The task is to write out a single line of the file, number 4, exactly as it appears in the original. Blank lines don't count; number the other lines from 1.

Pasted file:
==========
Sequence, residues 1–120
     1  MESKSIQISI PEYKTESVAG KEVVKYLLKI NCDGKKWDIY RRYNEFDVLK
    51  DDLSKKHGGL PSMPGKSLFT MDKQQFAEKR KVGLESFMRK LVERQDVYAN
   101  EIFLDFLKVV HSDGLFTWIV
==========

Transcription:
   101  EIFLDFLKVV HSDGLFTWIV